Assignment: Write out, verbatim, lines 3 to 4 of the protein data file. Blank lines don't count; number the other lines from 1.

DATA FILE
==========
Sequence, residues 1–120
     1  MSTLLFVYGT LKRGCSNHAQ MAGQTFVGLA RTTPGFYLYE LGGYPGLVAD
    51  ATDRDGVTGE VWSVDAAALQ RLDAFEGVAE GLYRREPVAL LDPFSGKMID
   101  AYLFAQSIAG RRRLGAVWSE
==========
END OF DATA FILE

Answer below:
    51  ATDRDGVTGE VWSVDAAALQ RLDAFEGVAE GLYRREPVAL LDPFSGKMID
   101  AYLFAQSIAG RRRLGAVWSE